From Olivier Verhage – Kennet Partners (@olivierverhage)

With most headlines being either about Trump, Snap’s IPO or Europe’s political calendar, I thought why not throw in my very own and latest headline: some of you might know I recently moved to San Francisco to join our US team, so after spending my first month in the Valley here I thought let’s share an update on what the buzz is all about – or more importantly – what’s really the difference being an investor in Europe vs. the US-OF-A?

Assuming you are a close follower of CB Insights (yes – thanks Anand), Datafox, Mattermark or any of the other data plays out there, I’m not going to bore you with endless graphs and fancy charts that show the differences in US and European funding but instead I will try to give you a glimpse of what it really feels like to be out here.

One of the things that Silicon Valley is very good at is PR or self-promotion. Every day Europeans read US-based websites that discuss the next $10+ MM Series A or the announcement of a new VC fund, $1Bln+ IPO or exit, making it look like it’s everyday business in the Valley. Well, let me start with an interesting anecdote of my first week in San Francisco when I was invited to a house party that was organised by a couple of friends I recently met here. In London, I used to be pretty good at getting crowds together and so work-related week events or weekend house parties were a common thing. In the US, however, bigger is better and so when I walked through the door there was a 150 techies-crowd dancing to the tunes of some deep house DJ – then suddenly a guy grabs the mic and starts telling a story that as employee No5 of tech play XYZ he just made some $$$ on their IPO and that he was now starting his own fund. Oh, and not to forget that he just got his Green Card, not bad for an immigrant that only just spent a few years out here. The crowd was cheering and maybe Trump also played a role here, but at that point I thought, right: this dude is hustler, a hustler and a fantastic self-promotor. I think that hustlers do make the best entrepreneurs and whereas Europeans tend to be conservative and prefer the safety net of a corporate career and a well-planned out CV (i.e. no drop outs), the US is all about “go figure it out, get stuff done”. Here are some of my first hand thoughts:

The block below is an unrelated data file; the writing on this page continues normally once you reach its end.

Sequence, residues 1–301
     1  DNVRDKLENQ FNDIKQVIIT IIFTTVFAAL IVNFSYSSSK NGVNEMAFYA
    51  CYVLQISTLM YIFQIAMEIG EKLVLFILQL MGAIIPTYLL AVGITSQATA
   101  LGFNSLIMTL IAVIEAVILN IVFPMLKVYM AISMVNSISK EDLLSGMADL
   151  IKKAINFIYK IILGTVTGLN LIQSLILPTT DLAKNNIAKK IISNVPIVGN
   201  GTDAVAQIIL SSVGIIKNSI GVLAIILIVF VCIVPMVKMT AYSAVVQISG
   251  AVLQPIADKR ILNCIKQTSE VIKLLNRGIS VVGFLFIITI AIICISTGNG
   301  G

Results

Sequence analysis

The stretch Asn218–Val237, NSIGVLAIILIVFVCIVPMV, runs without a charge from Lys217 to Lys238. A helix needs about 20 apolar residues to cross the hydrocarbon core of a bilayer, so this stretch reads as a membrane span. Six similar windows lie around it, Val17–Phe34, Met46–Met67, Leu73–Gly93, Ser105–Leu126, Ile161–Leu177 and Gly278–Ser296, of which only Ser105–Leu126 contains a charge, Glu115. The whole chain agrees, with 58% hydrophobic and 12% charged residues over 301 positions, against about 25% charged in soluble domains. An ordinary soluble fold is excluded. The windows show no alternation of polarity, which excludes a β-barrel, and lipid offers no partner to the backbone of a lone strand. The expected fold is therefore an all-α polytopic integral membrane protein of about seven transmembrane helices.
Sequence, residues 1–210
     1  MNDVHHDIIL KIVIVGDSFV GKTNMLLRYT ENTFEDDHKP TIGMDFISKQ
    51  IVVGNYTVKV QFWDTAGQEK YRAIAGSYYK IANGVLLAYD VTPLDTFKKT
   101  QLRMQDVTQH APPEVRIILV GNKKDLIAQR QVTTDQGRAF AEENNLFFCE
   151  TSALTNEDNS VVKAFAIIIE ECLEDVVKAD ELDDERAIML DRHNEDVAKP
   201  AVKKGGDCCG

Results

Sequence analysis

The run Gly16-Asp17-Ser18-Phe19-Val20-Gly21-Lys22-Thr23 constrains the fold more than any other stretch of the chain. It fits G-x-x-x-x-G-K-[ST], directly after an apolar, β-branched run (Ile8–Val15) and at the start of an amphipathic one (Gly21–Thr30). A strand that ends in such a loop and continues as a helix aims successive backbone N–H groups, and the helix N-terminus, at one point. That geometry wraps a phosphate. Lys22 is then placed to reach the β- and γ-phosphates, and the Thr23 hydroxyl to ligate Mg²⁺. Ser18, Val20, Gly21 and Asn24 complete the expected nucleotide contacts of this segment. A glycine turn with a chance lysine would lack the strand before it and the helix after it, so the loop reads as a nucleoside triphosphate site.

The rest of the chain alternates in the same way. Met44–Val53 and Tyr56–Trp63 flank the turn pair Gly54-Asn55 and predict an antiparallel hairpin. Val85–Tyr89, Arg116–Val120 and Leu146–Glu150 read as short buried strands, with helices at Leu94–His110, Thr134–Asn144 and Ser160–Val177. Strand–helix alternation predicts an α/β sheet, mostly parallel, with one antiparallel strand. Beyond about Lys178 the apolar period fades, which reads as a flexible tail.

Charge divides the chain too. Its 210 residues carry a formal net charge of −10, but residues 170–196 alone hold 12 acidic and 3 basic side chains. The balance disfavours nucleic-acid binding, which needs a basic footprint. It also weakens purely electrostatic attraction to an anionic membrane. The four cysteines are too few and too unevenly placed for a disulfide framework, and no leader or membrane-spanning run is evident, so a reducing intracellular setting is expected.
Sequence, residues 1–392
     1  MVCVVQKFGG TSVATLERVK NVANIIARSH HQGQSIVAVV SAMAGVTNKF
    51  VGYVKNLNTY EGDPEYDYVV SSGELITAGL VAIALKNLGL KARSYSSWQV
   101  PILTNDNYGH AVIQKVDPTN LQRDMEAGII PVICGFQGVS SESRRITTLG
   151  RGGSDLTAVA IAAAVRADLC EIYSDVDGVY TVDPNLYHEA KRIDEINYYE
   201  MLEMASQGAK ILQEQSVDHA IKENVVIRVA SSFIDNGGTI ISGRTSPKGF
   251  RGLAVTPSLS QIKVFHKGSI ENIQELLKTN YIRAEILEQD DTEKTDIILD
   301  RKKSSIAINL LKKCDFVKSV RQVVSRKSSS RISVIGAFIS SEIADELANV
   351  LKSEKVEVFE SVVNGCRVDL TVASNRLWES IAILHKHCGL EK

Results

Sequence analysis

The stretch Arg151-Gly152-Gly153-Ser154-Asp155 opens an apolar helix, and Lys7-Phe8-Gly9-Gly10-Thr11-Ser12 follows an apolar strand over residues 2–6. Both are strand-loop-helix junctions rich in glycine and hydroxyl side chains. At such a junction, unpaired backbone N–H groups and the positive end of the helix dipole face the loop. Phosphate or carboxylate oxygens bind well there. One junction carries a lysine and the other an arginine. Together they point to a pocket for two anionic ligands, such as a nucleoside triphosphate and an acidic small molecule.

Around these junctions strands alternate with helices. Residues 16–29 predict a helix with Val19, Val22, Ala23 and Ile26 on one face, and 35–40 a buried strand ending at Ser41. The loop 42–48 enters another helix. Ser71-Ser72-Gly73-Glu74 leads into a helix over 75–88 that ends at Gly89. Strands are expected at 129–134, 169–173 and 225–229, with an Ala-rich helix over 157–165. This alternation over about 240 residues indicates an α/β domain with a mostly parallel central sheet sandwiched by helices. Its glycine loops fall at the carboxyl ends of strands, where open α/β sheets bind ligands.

Why rounds are larger and valuations are higher

Opportunity cost, opportunity cost, opportunity cost. You might argue that even a $1-2M difference in funding is worth a fundraising trip to the US. Yes, it is most likely true that the median investment size in the US is somewhat higher. But there is an objective reason why US businesses raise more than Europeans do: higher costs. Office space is expensive and so is talent, but if you are a bit creative you can work around that. I live in a high riser in the financial district of San Francisco that has a large communal area and if you are coming in on week days, don’t be surprised if there’s an army of founders and CEOs that invited their teams to work from “home” while Skyping with their engineering teams in India, Poland or Croatia. However, don’t think it’s only Silicon Valley that matters. There are a lot of exciting tech companies that were founded in other hubs such as Austin, Seattle or Salt Lake City and which never raised capital and so those cities typically see bootstrapped companies with attractive valuations. And to be strictly honest, I do think valuations are partly determined by the power of marketing machines, so go ahead, get stuff done and promote yourself!

Why competition is tough and differentiation is important

Yes, it is a known fact that the US is competitive. In a #300M consumer market and with tons of deployable capital available, there is an ever-increasing number of investors chasing entrepreneurs for investment. It happens frequently that entrepreneurs don’t return calls, they are too busy and they could easily fill a complete year with 30-min VC calls. One day I even had a guy asking $100 bucks to cover his precious time, “no problem” he said, “I also take Amazon vouchers”. Well, this is obviously the upper end, but it does explain that targeting and differentiation is important here. However, on the other hand, don’t forget that the US has an almost indefinite number of tech companies… including a lot shitty companies, lots. It’s not just capital chasing products, it’s also founders chasing investors and so it’s key to focus and filter out the stuff that is not relevant. Learn to say no and make efficient use of your time.

 The weak spot: talent

It’s for a reason that many tech CEOs stood up against Trump’s immigration policies, talent is the weakest spot today and finding enough good engineers and designers is extremely tough and expensive. Europe could contribute here, but please don’t aim for a spot at Apple or Facebook. Either work for fast growing smallish US tech play – or make the jump across the point for a small European start-up, be No1 in the US and be part of a success story that many San Franciscans will remember. Trust me, you’d be much cooler not being Apple’s 5000th employee that quit because it became too much of a corporate power play.